Employers who are found to be pressurising staff to opt out of pension saving could be hit with a large fine.
The changes mark the start of workplace pensions reform and new duties which will eventually see all UK employers automatically putting certain staff into a pension scheme and making contributions.
Starting from October 2012 employers will begin to automatically enrol eligible workers into a qualifying pension scheme, and contribute to that pension. Between October 2012 and April 2017 employers will be required in stages to automatically enrol all their eligible jobholders into a qualifying pension scheme and make contributions to the scheme (this contribution will be increased in phases).
The new rules apply to both existing workers and potential new recruits – for example making a job offer or higher salary conditional on not joining the employer’s automatic enrolment scheme.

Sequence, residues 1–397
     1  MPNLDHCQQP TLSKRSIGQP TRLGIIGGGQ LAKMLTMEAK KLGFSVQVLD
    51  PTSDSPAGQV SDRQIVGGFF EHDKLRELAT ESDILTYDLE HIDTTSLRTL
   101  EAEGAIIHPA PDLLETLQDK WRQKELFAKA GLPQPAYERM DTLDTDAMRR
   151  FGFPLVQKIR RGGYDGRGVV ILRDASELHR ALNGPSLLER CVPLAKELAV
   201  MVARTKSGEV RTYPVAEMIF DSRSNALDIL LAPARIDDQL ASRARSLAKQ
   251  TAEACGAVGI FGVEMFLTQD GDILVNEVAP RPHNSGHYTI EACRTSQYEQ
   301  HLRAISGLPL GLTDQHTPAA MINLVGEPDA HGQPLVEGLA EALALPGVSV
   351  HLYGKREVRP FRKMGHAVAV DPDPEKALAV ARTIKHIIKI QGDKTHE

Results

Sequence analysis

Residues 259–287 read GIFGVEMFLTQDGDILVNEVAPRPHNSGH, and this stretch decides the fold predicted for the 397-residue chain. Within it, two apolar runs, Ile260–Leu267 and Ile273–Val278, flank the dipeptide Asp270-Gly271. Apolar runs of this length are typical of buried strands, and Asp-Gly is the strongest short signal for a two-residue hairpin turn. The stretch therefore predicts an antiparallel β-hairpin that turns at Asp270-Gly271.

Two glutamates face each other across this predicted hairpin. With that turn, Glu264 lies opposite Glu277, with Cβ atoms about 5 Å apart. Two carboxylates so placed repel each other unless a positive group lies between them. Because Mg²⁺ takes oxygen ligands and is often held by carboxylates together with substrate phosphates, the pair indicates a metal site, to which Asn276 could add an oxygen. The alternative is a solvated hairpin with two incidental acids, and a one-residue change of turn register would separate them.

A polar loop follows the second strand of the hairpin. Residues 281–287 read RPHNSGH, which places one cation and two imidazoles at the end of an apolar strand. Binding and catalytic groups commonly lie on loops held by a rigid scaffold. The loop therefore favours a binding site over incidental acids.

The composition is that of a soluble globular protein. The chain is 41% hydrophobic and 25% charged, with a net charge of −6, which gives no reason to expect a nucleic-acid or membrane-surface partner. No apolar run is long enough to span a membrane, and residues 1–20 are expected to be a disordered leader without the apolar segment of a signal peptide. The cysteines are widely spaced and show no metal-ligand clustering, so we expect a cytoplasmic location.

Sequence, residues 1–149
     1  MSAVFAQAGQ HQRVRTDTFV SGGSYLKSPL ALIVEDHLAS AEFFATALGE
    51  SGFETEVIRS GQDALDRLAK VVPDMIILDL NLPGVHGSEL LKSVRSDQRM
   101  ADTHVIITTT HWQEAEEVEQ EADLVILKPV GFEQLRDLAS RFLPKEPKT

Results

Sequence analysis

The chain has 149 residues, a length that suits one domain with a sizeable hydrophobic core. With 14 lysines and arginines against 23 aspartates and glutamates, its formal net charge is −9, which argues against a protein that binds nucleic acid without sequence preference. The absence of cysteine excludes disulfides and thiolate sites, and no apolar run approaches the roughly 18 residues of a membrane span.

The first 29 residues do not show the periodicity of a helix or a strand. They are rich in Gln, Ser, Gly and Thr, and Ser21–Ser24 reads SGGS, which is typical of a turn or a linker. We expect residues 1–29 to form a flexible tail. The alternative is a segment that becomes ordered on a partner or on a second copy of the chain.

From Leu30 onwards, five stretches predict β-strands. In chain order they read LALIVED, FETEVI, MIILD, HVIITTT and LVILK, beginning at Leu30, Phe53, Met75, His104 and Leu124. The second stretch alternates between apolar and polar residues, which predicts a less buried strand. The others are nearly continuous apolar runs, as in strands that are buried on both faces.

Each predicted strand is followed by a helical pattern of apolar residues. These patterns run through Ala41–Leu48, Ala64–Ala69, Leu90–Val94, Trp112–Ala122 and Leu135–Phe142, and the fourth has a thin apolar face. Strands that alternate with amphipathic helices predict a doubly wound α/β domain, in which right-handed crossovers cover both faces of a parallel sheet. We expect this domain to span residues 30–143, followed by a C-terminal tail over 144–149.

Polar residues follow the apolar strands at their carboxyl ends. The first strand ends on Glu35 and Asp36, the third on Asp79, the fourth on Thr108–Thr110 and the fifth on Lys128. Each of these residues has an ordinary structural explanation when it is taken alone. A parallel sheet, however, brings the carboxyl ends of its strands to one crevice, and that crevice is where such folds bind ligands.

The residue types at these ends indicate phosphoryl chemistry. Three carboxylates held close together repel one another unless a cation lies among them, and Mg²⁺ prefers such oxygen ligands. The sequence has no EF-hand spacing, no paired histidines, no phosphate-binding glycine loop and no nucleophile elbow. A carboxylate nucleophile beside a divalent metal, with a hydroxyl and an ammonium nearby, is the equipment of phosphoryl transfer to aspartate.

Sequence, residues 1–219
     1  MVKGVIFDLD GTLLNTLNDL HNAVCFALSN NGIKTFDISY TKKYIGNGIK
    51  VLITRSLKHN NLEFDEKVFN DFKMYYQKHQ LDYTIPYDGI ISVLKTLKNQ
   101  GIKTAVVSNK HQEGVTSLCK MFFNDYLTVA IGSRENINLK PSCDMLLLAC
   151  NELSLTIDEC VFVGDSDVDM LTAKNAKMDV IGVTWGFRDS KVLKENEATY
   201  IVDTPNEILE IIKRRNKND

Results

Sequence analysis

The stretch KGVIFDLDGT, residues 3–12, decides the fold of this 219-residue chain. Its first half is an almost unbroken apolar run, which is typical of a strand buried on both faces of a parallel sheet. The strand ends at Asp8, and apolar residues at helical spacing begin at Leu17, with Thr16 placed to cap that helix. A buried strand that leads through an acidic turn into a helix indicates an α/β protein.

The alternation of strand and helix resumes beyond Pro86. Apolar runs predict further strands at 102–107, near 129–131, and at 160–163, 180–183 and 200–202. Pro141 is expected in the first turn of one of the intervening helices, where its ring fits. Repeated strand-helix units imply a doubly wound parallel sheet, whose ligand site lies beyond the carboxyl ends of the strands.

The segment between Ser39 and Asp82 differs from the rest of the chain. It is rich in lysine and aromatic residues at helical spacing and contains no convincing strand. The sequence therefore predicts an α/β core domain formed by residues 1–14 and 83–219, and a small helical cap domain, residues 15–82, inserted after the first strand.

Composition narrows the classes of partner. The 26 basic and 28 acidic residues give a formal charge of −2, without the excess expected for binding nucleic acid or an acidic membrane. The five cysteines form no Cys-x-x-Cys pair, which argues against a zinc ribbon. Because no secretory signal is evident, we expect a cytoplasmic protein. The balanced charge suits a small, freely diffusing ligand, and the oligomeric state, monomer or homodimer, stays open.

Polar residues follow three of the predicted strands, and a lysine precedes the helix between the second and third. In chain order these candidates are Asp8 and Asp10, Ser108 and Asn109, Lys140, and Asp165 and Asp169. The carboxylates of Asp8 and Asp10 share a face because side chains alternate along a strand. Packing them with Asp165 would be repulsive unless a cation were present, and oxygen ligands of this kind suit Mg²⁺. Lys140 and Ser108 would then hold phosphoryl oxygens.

Workers can report concerns that the rules are being broken, while employers are being offered a range of online tools. These include supporting template posters, content for employee bulletins and other tips, including a pensions language guide and myth-buster in the DWP employer communications materials.
Minister for Pensions, Steve Webb, said:
“Workplace pensions reform will mean that millions of people will be better able to afford the plans they have for retirement – so it’s crucial that they know how the changes affect them.
“Giving workers information about automatic enrolment will be the duty of employers, and the templates launched today will make it as simple as possible for them to keep their employees up-to-speed on their pension entitlements.”
Charles Counsell, the Executive Director for Employer Compliance at The Pensions Regulator, added:
“We’re prioritising educational tools and guides to prepare employers for their new duties.
“But employers should be under no illusion that we will take action against any tactics to tempt or pressurise staff to opt out of pension saving, whether it’s during the recruitment process or after. This could include a substantial fine.”